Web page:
The High Level Ministerial Panel discussed actions required to address issues identified in the technical sessions and further deliberated on the policy and strategic directions to be undertaken at continental, regional and national levels. Deputy Minister Tshwete took the opportunity to speak to the process of developing the National Water and Sanitation Master Plan (NW&SMP), a new paradigm that will guide the South African water and sanitation sector towards the urgent execution of tangible actions that will make a real impact on the supply and use of water and sanitation. The Master Plan will set out the framework for how South Africa s going to manage its water resources and implement water and sanitation programmes. Furthermore, The Master Plan will assist South Africa to achieve the targets set in the National Development Plan (NDP), the global and African agendas outlined in the SDGs, the Africa Water Vision 2025 and the AU Agenda 2063. “South Africa strongly supports the AMCOW Strategy, in particular, the AMCOW Strategic Priorities and their related cross-cutting strategies as they resonate with our national interest on water and sanitation” said Deputy Minister Tshwete. Thursday 30 August 2018 saw the Deputy Minister participating as a panelist in the “SDG-Paris Agreement – Building a Resilient Future through Water” two-part session, where presenters, panelists and audience alike agreed that building the future we want, will take what Henk Ovink, Special Envoy for International Water Affairs for the Kingdom of The Netherlands, describes as the “Systems Approach” which at a high level entails the 5 C’s: Commitment, Capacity Building, Cross-Cutting, Collaboration and Consistency. When asked to provide insight from a South African perspective, the Deputy Minister was clear that Collaboration and Capacity Building are key in the South African approach. Using the recent drought in the Western Cape to illustrate this point, she clarified that overcoming the “Day Zero” threat was a politically collaborative responsibility given the unpreparedness of the country and government to deal with the devastating results of Climate Change. Once again reflecting on the progressive NW&SMP, Deputy Minister is confident that as a country, we will be ready. If delegates, who came to World Water Week 2018, were unaware of what South Africa is doing in terms of driving not only the SDG’s and AMCOW’s Strategies but also Water Governance and Transboundary Resource Management, over these past few days here in Stockholm, they are most certainly more knowledgeable.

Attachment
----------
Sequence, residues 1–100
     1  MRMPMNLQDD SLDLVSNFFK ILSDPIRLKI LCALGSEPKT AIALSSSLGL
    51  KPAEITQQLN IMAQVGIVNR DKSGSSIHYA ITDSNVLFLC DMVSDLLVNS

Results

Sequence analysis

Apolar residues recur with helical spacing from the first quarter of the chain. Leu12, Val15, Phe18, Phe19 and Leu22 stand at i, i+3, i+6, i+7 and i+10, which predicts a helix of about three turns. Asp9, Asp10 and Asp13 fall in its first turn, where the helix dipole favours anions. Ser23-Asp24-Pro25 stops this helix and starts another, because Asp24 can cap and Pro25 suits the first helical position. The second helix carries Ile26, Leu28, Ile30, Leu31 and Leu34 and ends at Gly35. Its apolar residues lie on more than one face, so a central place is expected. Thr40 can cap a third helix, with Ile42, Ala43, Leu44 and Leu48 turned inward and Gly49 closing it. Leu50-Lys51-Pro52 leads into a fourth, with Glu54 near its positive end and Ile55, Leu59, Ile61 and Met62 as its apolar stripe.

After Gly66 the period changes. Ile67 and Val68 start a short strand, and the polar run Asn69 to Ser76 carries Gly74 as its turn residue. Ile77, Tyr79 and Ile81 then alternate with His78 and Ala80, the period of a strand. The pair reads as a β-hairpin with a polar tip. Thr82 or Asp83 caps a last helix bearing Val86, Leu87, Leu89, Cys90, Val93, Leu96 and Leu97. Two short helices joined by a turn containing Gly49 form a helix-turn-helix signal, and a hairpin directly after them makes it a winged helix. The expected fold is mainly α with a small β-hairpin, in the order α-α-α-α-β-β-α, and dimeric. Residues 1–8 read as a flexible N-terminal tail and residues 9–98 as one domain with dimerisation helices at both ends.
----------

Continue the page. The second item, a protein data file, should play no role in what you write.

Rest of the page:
There is still much to achieve in South Africa in terms of equitable, inclusive and transparent water resource management but looking at what has been done to date and what is to come, the future of water in South Africa certainly looks bright.

Distributed by African Media Agency (AMA) on behalf of Department of Water and Sanitation, Republic of South Africa.

0

Leave a Reply

Your email address will not be published. Required fields are marked *